Tulip


(Species: Tulipa spp - Family: Liliaceae)

 

Tulip and its origins

Often associated with Holland, Tulips were in fact cultivated more than 1000 years ago in the Ottoman Empire.  They arrived in Europe in the 16th century, where the species, at that time, was quite different to the modern day tulip varieties.  This is in part thanks to the flower’s ability to transform itself.

 

There are more than 100 species of Tulips available, featuring large, showy flowers that are loved as much for their vibrant colours, as they are for their unique shape. 

In the language of flowers, the tulip is seen as a declaration of love.  It is believed that its name originates from the Turkish word for turban. 

 

Many years ago, a disease blighted a number of tulip species, causing their formation to change.  This resulted in the extinction of a number of species but created new species in their place.  

 

Seasonality: Tulip in flower

Tulip species are classified in a number of ways, one of the key classifications is by its flowering period:

  • Early flowering tulips
  • Mid-season flowering tulips
  • Late flowering tulips

 

The flowering period for each of the varieties can last for more than a month and a half. By planting different classifications of tulip, you can achieve a tulip bloom for many months.  The general flowering time runs from March to May. 

 

Tulips are available in a wide ranging selection of colours – whites, purples, black, violet blue, pinks, yellow, apricot and crimson.  The petals can also be streaked, speckled and varied.  In fact, one of the only colours not available is blue.

 

Different tulip species can vary dramatically in height from 15cm - 75cm and when planting should be given a minimum of 15cm spacing.  

 

How to Plant  Tulips

Plant tulips in the autumn in order to have a spring bloom; this should be completed in September to November in warmer regions.  A tulip thrives in a loamy soil that is fertile and well-drained.  All species dislike water-logged soil.  Prepare the soil well in advance, adding fertiliser if necessary.  Avoid using a manure to fertilise the soil as this can cause the Tulip bulb to rot.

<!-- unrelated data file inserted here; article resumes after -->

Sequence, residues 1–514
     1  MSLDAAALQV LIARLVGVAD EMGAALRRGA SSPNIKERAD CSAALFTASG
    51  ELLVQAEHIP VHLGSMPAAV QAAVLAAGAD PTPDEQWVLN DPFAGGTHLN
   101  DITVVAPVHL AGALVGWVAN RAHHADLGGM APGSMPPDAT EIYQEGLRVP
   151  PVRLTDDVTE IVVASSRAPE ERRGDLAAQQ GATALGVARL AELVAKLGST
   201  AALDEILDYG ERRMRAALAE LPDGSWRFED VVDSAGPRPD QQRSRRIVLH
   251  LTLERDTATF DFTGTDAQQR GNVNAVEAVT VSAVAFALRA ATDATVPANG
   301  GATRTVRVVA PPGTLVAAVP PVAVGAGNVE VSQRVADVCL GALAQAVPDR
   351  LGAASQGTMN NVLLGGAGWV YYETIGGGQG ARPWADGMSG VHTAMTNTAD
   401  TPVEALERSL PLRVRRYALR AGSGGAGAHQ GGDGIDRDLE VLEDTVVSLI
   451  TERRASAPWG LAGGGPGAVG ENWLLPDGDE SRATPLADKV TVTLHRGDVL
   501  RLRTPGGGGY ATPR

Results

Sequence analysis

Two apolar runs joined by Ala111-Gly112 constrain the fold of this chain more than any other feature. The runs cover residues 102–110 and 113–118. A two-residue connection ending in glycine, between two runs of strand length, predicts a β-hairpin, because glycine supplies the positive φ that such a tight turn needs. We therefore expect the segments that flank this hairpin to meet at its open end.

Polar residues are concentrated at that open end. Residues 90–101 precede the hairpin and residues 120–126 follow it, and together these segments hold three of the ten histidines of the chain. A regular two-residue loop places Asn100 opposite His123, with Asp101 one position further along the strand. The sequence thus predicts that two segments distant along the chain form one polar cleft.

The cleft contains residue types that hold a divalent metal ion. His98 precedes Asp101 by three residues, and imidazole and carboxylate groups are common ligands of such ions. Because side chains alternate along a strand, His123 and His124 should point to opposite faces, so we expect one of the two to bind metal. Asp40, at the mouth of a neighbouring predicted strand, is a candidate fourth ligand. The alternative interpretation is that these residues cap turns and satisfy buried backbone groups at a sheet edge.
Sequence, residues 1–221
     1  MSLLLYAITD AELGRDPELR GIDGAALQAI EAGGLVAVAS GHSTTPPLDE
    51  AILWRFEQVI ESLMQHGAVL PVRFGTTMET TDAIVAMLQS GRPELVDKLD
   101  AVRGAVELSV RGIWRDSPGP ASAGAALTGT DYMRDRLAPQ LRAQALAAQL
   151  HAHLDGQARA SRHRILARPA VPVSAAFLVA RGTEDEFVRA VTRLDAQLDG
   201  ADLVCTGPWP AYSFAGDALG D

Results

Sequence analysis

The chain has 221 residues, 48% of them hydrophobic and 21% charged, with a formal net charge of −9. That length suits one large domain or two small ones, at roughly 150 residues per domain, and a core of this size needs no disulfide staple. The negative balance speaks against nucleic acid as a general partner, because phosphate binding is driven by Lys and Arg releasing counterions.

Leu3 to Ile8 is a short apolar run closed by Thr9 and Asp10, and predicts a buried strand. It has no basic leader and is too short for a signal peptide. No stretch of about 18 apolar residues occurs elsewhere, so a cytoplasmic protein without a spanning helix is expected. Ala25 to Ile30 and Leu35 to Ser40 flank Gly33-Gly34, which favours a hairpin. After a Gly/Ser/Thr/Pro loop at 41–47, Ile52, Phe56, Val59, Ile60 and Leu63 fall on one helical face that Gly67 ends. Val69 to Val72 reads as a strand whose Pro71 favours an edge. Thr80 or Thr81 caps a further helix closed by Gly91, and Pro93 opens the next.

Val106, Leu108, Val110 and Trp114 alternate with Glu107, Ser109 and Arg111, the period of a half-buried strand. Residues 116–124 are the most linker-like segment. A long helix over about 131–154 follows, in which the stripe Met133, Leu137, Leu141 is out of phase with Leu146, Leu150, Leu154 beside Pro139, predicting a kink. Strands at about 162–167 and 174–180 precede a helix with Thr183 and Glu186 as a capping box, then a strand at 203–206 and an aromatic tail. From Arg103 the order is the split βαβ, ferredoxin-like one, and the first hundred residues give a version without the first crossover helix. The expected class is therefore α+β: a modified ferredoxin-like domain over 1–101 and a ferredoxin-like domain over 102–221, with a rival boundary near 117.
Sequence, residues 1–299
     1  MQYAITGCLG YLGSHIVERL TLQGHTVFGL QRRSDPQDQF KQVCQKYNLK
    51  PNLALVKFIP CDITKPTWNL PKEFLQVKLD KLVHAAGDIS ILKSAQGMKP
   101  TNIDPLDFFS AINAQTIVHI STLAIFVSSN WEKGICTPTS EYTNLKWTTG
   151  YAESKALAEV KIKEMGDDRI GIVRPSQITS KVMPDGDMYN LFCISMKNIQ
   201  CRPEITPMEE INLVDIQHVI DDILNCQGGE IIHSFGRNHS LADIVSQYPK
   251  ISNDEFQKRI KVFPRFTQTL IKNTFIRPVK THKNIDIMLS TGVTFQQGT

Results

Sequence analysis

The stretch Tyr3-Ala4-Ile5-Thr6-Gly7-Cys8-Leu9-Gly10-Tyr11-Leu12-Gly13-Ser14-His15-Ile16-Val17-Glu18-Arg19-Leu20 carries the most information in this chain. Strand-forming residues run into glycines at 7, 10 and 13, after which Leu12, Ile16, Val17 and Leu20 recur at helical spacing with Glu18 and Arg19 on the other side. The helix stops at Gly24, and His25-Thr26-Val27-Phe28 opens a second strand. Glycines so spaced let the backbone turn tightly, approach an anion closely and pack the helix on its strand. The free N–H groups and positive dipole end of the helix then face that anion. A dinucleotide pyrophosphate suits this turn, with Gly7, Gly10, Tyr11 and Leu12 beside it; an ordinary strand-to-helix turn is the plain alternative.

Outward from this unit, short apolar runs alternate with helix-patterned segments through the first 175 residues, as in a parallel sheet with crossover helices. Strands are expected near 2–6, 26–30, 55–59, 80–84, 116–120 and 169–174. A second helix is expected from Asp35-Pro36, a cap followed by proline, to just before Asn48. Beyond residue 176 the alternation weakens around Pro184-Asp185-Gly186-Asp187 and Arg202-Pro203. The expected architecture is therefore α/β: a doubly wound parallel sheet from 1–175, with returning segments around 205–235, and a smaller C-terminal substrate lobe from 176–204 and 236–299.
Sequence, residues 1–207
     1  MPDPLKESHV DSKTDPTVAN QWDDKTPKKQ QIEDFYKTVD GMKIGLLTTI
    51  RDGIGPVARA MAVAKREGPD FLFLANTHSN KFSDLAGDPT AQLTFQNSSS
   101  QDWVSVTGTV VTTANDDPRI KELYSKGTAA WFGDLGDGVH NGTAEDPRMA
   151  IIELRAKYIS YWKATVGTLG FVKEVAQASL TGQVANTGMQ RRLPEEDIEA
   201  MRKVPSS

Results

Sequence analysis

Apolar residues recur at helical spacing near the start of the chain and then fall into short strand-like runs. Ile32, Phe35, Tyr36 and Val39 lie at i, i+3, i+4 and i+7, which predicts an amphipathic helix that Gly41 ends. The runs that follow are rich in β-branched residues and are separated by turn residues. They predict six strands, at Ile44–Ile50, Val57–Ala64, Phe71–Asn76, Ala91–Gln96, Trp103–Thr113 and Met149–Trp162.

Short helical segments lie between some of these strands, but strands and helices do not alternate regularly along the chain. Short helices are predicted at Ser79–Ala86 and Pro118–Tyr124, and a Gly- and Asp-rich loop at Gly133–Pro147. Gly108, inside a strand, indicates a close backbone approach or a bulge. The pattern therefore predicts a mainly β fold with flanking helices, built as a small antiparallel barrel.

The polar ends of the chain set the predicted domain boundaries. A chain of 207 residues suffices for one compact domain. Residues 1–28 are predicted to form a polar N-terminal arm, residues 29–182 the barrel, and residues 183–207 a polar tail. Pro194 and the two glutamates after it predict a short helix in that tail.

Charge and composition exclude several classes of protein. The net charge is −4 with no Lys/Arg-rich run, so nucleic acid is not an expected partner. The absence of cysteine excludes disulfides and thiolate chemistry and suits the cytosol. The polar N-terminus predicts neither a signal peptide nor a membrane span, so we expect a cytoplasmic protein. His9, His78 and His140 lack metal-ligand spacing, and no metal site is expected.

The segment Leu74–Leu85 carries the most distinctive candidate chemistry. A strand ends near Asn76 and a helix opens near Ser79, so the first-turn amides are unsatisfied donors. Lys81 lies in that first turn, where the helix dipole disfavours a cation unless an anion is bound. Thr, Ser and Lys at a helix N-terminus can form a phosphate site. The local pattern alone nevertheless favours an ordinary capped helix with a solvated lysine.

Plant the bulbs 10-15cm below the surface, the depth depending on the size of the bulb.  Tulips need a time of cool dormancy and planting at this level will protect the bulb from extreme temperature variations.  Plant in an area that receives direct sunlight and protect the growing flowers from exposure to wind.

 

Think about the overall effect you would like to achieve with the tulip and space the bulbs accordingly, at least 10-25cm apart. Packing lots of bulbs in an expanse of the garden can have a very strong mass-flower effect.

 

 Propagation of Tulip (how you can multiply it – cuttings, dividing the bulb, seeding)

Although Tulips are perennials, the poor quality of the bulbs in year 2 encourages many gardeners to plant them as annuals.  Propagation is by division.  Offsets are removed from the main bulb once the blooming period has come to an end and planted immediately.  The new bulbs may take up to 2 years to flower.